The domino effect that has hit the economy continues to take its toll on all forecasts. The latest to worsen the forecasts is the Funcas panel released this Wednesday. The document is on average between the estimates of 19 analysis houses and concludes that Spain will end 2022 with more inflation and less growth: GDP will increase by 4.2%, a tenth less than calculated in May, and prices will increase by 7.9%, one point more than estimated in the previous panel. Behind this deterioration are the usual suspects, led by the energy crisis and the war in Ukraine, which are putting pressure on and increasing uncertainty about the development of the global economy.
“Concerns about the global economic outlook have intensified since the last panel,” he warns think tank the savings banks. “The invasion of Ukraine has exacerbated tensions in energy and commodity markets, dragged down remaining prices and pushed inflation in advanced economies to levels unprecedented since the 1980s (…). Almost all participants in the discussion consider the external environment to be unfavourable, both inside and outside the EU. According to a large majority of analysts, this negative environment is expected to continue or worsen in the coming months.”
Funcas had already lowered its growth forecasts in line with key internal and international organizations in the face of an increasingly challenging environment. Inflation has been on the rise for months and has already become one of the top puzzles for governments and central banks. What was initially thought to be temporary price hikes – caused by the gap between supply and demand following the lifting of anti-Covid restrictions – have only worsened with the conflict in Ukraine: energy prices have settled into an upward spiral that has already infected much of the economy The rest of the basket, plus Russian threats to cut gas supplies.
In this scenario, none of the 19 analysis houses expects inflation rates below 7% for this year. Funcas is the highest at “8.8%”, while CEOE and Analistas Financieros Internacionales (AFI) are the most optimistic at 7.2%. A recovery of 3.1% is expected for 2023, up 0.9 points from the previous forecast. The core inflation rate, which excludes energy and fresh food “the most volatile items in the shopping basket”, was also revised upwards: 4.6% for this exercise and 3.3% for the next.
This sustained rise in prices has prompted central banks to change the course of their monetary policy, with rate hikes aimed at cooling the economy but risking slowing the post-pandemic recovery. “Monetary policy faces the need to contain inflationary pressures without derailing the recovery or creating new financial risks,” warns Funcas.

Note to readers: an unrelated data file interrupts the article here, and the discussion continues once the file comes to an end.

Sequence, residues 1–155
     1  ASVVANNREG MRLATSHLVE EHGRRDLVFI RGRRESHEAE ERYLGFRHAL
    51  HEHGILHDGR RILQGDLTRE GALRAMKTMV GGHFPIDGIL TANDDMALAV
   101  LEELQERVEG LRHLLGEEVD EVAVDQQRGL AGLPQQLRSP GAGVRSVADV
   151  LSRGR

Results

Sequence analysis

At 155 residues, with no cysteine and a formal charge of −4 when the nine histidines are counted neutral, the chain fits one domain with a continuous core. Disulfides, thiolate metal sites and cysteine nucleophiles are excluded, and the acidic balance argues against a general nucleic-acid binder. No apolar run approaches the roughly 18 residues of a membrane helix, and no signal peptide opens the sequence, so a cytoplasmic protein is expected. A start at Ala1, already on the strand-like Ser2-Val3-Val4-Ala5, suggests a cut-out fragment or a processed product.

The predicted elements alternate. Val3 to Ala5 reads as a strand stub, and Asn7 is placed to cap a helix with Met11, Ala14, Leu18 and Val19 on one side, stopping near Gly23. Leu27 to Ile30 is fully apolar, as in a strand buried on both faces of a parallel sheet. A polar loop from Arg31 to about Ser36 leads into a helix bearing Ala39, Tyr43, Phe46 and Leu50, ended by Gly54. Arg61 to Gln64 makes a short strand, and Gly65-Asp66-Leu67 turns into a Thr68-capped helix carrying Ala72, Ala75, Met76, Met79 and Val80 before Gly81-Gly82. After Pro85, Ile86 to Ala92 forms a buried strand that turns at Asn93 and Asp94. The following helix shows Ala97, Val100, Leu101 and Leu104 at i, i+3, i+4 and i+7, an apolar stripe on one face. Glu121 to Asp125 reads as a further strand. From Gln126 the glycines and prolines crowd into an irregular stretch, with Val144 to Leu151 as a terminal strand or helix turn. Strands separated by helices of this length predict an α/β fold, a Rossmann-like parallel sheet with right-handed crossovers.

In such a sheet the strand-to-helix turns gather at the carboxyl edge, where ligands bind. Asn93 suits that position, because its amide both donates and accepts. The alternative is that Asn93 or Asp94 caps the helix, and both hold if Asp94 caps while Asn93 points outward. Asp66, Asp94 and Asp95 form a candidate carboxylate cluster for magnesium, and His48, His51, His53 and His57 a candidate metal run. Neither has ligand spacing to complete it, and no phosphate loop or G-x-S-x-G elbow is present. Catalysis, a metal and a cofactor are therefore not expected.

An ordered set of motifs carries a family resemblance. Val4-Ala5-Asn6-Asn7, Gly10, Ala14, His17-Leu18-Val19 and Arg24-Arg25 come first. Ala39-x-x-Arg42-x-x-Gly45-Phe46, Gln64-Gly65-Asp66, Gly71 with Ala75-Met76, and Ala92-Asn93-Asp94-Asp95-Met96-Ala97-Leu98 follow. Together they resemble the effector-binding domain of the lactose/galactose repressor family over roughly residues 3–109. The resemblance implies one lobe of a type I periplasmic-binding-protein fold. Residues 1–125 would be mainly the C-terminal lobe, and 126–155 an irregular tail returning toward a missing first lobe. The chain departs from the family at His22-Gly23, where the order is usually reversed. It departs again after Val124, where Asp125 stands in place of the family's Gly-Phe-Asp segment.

Despite the downward revision of growth, the panel points to GDP growth of 0.4% and 0.5% in the central quarters of the year, driven by a tourist season that promises record numbers close to those registered before the pandemic. However, this rate will moderate to 0.3% in the last three months of the year. “The end of the year could be weighed down by sharp rises in inflation and uncertainties arising from the war in Ukraine and its impact on energy markets – particularly gas supplies,” the agency warns.
Repsol has the worst growth forecast for 2022: 3.7%, compared to the average of 4.2% for the panel and 4.3% for the government. For 2023, it is the BBVA that is signing the worst forecast: GDP growth of 1.8% compared to the consensus of 2.5%, a percentage that is again down by five due to expected lower growth in the second half of this year tenth has been reduced. “The lower growth rate expected for the second half of this year has a greater impact on the projected growth rate for 2023, which has been cut by five-tenths due to reduced drag,” explains Funcas.
On the other hand, the positive development of the labor market in the first half of the year has led to improved employment forecasts: the expected average unemployment rate for 2022 will fall by two tenths to 13.5% and would fall to 13.1%. in 2023. It also improves the forecast of the government deficit compared to the previous panel by three and a tenth respectively to 5.2% of GDP in 2022 and 4.7% in 2023 – the government calculates 5% and 3, 9%―.